Norman Rockwell Beyond the Veil

June 25, 2008 | 11 comments

The Lovely One and I went to our ward’s temple sealing assignment last night.

I got to looking around at all of us and the sealing room and realized we were a striking picture. The temple clothing colors; the farmer faces, the slack,white office faces; the expressions of piety, sleep, serious attention, contemplation, worry, merriment; the postures; the very fine handmade lace on the altar that was slightly warped from the lateral pressure of elbows; even the sealer’s clear garment lines. I wanted Norman Rockwell to paint it.

The painting would not be displayed in the normal way. You’d want to keep it in the celestial room of the temple, beyond the veil. But why not? Mormonism knows that holiness in heaven is active and engaged. A celestial room with art and, who knows, little collections of essays and short stories that are all too intimately tied to the temple ceremony to keep elsewhere could be appropriate. Not every piece of worthy art could be appropriate for the peace and contemplation of the celestial room, but some could only be appropriate there.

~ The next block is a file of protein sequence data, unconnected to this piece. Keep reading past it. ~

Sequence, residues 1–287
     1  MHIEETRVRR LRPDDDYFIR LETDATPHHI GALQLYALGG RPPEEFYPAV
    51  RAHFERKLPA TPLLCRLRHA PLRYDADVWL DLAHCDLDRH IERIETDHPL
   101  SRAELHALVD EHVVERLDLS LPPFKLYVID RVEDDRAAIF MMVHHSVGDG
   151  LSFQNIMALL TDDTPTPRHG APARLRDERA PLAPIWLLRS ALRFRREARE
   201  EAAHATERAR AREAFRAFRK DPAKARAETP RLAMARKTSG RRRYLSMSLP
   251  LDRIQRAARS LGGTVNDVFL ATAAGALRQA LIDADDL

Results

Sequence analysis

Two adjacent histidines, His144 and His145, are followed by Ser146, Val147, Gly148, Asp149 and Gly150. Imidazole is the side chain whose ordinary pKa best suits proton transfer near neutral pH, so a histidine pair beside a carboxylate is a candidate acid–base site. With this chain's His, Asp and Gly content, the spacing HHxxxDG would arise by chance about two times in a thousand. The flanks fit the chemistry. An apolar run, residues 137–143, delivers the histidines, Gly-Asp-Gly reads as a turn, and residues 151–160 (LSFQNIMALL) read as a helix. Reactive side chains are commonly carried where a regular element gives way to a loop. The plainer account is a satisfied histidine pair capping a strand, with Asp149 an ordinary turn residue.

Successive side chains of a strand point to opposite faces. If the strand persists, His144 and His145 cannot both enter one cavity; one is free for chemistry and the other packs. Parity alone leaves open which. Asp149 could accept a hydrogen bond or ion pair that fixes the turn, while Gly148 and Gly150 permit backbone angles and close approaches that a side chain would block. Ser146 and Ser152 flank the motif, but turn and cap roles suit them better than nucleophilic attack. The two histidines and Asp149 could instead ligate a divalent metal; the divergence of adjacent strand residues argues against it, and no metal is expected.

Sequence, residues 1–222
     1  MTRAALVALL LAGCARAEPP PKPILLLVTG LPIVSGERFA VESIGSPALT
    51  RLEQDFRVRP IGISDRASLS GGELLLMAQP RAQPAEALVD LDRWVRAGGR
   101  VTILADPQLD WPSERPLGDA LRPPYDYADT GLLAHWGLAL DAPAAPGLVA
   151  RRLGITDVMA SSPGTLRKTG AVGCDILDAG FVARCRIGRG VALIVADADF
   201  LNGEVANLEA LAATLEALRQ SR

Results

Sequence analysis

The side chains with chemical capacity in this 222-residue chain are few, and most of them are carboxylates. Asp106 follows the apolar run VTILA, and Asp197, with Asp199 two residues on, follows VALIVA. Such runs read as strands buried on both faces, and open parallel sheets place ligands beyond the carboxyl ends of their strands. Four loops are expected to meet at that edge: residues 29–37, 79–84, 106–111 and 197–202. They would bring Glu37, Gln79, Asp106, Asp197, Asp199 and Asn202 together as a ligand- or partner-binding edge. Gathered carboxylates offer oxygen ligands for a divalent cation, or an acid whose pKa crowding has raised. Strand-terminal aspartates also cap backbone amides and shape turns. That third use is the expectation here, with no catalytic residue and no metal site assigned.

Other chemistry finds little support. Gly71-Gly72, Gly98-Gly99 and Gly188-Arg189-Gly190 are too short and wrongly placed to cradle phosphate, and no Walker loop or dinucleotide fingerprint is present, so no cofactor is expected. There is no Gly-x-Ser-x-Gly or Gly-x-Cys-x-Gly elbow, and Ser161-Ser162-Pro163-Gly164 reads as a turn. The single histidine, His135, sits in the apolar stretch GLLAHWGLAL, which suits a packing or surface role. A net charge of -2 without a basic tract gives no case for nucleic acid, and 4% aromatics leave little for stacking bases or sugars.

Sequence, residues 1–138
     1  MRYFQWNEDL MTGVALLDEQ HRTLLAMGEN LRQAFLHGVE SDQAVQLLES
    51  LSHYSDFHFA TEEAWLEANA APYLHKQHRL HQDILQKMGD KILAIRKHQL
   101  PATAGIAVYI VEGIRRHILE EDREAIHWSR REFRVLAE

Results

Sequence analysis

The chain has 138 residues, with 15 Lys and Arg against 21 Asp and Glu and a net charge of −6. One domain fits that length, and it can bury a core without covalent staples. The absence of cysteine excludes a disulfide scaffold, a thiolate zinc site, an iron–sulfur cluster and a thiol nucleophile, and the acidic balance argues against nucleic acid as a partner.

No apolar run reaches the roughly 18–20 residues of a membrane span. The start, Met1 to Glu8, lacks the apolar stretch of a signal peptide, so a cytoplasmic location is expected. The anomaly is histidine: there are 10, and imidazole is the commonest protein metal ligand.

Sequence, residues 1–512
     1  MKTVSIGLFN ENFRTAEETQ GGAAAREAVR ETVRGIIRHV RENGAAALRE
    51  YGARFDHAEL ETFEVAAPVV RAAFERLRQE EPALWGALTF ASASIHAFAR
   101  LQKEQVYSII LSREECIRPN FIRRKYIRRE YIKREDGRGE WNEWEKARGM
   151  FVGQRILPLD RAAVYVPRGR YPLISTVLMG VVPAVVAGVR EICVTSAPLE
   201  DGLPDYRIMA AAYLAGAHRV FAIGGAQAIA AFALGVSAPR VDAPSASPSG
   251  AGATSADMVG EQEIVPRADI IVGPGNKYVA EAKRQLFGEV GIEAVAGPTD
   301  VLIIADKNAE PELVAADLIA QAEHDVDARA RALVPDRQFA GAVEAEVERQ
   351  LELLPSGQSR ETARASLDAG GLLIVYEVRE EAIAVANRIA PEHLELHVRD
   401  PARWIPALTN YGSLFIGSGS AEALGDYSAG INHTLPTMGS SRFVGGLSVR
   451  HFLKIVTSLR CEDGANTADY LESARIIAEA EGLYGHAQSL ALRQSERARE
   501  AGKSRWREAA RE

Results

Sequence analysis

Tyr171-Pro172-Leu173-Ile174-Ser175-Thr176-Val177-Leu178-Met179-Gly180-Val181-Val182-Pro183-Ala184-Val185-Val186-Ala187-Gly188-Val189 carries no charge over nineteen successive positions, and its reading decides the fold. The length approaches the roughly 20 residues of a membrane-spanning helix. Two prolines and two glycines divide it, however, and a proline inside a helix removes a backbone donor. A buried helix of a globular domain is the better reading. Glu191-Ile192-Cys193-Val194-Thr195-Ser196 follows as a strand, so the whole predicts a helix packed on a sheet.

Which makes me wonder. There are a lot of Mormon artists out there. Are there any paintings and sculptures that already allude to or comment on the temple ceremonies in an esoteric, hidden way?

I can’t find the link now, but at some point I suggested Mormon musical compositions designed to accompany the endowment, so whatever it is that makes me think about Norman Rockwell in the temple has been with me for awhile.

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11 Responses to Norman Rockwell Beyond the Veil

  1. Eric Boysen on June 25, 2008 at 8:41 am

    In the Stake Center in Los Lunas (just down the road from you) there is/was a striking painting of which I do not know the provenance that depicts some temple imagery-both LDS and Masonic. The black and white tiling of the floor and the prominance of the Boaz and Jachin display the latter. Purely Mormon elements are harder to ascribe, but Heavenly Father is there on his throne and is sending forth His agents. I do not remember the details too clearly, but I suggest you drive down and take a look.

  2. Bro. Jones on June 25, 2008 at 10:53 am